As an archaeology and anthropology professor, Pamela Downe will be asking her 165 students to examine how COVID-19 has culturally disrupted people across the world – and they’ll do it before the coronavirus has run its full course.
“From an anthropological standpoint, I think this is an extremely significant time in human history and cross-culturally,” Downe said.
A specialist in medical anthropology, Downe is used to talking about infectious disease and pandemics. It’s common for her to teach topics as they’re unfolding in real time, but the coronavirus data changes every day.
“This is to an extent that I’ve never experienced before as a professor,” she said.
COVID-19 will be central in her instruction of university students this fall.
Undergrads will also look at how COVID-19 is “piling on” other health crises around the world. Downe highlighted the global HIV pandemic and opioid crisis, along with persisting concerns around ebola, dengue fever and zika virus.
While she believes there is never a bad time to study anthropology, Downe considers this a “particularly critical time.”
Other disciplines have clear links to coronavirus education like epidemiology, biology or medicine. While it may not be the main focus of his teaching, Avi Akkerman, a University of Saskatchewan urban planning and demography professor, said there are still connections.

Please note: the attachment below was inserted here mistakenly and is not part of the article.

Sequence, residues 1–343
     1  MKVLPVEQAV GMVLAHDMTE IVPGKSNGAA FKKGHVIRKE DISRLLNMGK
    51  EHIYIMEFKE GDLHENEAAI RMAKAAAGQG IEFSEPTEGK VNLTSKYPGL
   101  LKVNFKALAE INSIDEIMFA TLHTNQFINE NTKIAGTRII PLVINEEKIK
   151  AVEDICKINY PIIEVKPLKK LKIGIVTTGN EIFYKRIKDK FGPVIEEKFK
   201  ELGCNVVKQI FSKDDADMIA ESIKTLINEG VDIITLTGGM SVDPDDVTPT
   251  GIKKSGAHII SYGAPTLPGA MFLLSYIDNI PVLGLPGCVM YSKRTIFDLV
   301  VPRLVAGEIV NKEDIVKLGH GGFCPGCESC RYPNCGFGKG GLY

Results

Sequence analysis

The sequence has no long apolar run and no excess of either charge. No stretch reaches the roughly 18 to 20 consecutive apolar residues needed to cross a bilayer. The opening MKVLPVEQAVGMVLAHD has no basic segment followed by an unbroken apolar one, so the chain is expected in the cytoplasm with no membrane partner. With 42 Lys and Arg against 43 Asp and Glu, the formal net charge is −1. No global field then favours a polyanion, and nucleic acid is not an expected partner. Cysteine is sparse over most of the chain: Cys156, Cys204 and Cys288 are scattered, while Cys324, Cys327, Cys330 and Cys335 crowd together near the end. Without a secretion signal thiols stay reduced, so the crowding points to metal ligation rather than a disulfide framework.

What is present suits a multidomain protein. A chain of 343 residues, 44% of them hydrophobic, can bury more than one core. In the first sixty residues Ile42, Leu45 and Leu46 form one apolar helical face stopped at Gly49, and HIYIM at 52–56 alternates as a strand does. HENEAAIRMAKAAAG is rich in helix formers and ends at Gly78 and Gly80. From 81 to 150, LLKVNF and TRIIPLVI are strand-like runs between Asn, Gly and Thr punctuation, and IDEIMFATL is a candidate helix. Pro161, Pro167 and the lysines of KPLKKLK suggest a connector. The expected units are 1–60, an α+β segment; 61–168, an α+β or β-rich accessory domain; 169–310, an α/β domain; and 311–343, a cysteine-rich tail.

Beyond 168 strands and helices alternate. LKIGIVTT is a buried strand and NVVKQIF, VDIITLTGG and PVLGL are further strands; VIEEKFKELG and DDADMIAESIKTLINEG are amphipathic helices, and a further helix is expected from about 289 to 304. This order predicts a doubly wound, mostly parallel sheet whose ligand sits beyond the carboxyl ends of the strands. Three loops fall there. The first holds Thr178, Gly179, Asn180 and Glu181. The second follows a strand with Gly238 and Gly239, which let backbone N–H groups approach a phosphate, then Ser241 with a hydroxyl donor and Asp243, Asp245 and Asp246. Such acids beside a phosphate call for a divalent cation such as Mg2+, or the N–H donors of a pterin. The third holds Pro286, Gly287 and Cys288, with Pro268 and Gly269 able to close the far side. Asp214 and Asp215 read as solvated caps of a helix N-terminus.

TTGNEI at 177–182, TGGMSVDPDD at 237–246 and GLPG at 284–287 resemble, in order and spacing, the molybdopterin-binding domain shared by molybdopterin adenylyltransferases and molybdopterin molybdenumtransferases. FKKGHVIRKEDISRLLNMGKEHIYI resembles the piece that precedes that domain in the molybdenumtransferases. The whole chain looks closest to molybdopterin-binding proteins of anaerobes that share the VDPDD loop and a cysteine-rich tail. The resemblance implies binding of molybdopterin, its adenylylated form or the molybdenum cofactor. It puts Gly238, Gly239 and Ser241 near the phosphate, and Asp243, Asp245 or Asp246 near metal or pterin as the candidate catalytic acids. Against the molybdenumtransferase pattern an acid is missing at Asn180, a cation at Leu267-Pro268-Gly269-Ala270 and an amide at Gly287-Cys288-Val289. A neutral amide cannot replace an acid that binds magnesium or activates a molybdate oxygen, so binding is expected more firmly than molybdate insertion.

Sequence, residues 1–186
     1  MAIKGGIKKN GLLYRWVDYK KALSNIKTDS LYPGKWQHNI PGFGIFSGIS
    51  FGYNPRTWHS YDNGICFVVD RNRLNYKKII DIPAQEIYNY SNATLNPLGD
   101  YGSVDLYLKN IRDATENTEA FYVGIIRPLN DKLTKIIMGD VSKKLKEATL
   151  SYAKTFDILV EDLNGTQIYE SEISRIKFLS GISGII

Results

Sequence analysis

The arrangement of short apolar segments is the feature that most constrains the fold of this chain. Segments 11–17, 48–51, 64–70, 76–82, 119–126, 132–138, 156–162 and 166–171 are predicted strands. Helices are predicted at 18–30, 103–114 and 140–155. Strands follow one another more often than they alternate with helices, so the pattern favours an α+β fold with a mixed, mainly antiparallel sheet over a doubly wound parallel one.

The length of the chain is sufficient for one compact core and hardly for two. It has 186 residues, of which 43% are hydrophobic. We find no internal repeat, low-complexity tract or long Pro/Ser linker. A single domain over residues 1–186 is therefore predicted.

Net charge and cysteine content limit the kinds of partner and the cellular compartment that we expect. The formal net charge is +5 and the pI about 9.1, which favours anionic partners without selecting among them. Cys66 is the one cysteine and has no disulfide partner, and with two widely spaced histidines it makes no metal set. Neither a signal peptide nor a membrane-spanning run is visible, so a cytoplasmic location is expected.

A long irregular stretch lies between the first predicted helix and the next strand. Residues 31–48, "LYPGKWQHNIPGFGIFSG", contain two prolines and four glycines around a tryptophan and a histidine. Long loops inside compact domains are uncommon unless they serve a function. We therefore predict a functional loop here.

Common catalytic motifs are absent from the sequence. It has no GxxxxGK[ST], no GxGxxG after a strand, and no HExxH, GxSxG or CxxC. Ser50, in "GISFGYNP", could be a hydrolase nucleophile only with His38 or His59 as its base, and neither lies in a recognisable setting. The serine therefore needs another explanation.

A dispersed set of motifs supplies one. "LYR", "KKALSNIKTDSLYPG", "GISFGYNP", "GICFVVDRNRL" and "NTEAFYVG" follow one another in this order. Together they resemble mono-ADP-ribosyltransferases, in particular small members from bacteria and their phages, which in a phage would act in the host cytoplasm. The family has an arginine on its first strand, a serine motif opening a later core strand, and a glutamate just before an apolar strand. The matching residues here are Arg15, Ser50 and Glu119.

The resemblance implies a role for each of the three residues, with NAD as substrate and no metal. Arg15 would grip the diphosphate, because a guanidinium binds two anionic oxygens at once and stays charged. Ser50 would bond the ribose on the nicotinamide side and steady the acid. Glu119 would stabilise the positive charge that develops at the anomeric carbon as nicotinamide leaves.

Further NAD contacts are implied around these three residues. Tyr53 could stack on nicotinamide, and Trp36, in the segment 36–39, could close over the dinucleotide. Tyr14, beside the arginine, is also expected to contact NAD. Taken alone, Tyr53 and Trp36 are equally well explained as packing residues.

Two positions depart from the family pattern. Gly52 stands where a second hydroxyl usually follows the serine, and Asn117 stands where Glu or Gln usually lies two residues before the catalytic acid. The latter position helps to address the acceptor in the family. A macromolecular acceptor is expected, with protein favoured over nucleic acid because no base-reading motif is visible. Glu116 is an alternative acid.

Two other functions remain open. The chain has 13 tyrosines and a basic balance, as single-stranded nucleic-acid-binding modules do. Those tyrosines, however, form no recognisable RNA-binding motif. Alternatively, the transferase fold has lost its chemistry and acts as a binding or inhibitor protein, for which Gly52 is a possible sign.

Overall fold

Demography is the social science study of human populations, including the effect of illnesses. COVID-19’s rate of infection, its vulnerable populations and other factors are worthy of study.
For example, demographers would be interested in the specific ages, ethnicity and socio-economic statuses that are more susceptible to the virus.
“The grouping of population through different categories is really the main thrust of demography,” Akkerman said.
His students will examine numerous past pandemics, including the six-century Plague of Justinian, which Akkerman said killed nearly 50 million people or a quarter of the world’s population at the time.
“Between the seventeenth and the nineteenth century, there were several, more minor plagues throughout Europe – and thousands of people died,” Akkerman said.
Better understanding of health science, epidemiology and basic hygiene have since helped lower the risk.
As an urban planner, Akkerman said even wider streets designed for cars have had an inadvertent benefit when it comes to reducing overcrowding and improving public health.